For four weeks after I sow my peas I protect them with a metal mesh from one end of my raised bed to the other. After they have reached about four inches in height they seem to no longer have the tasty bird-appeal they once did, and it’s safe to release the peas to grow tall and delicious.

My small planters of early greens are protected from seedling to salad by custom made wire mesh proctors.

I’ll be protecting my head lettuce this year for the entire season with my new lettuce coop. Built from flexible PVC hose and plastic mesh, this fortress of security is impenetrable. See the photo gallery for details.

Sowing Salad Greens in Planters

 

Mesclun mix

This morning the sun was shining brilliantly on my south-facing patio and it felt like spring had finally arrived in my zone 3 Edmonton backyard. Because we’ve had so much snow this winter, it’s taking forever for the grass to appear and the garden to make it’s way to the surface.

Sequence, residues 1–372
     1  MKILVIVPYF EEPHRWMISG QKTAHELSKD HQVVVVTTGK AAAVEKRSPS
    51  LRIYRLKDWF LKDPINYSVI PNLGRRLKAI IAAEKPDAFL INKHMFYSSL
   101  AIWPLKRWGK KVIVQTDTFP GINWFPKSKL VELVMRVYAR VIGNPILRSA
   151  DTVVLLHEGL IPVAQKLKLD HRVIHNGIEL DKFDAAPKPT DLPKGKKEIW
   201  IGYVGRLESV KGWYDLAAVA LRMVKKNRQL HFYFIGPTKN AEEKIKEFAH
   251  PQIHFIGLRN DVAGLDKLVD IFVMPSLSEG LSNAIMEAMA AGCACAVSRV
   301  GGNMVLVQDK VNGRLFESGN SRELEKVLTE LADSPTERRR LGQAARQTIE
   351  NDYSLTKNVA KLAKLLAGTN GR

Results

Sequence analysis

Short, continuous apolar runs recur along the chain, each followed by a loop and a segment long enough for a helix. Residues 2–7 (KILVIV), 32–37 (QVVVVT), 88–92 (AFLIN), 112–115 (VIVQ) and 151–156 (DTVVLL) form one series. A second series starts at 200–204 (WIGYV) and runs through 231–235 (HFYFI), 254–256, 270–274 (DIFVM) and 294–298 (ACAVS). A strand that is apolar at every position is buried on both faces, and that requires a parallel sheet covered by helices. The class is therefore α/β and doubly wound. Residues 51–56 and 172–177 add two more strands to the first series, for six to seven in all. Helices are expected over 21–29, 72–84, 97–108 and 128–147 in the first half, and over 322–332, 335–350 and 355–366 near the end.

But today was warm, bright and sunny, chasing away the cold weather blues that have engulfed our prairie city for so many months. It seemed like the perfect day to sow the first of my outdoor seeds – the greens.

I don’t like to refer to my greens as “lettuce” because I plant so much more than that. My mesclun mix is a combination of lettuce, arugala, endive, mustard greens, radicchio and who-knows-what else. The oriental greens mix has gai lan, pac choi, mizuna, red leaf mustard, tokyo bekana, spinach mustard and toy choi. I don’t even know what half of those are!

I began by removing a significant amount of last year’s soil from two large planters I use for my salad greens, leaving about six inches in the bottom and topping up with fresh sterile starter mix. I do this so that I don’t have any random seeds in my mixed greens – I don’t want any poisonous plants growing among my yummy salad leafs. I wouldn’t know which were safe and which weren’t.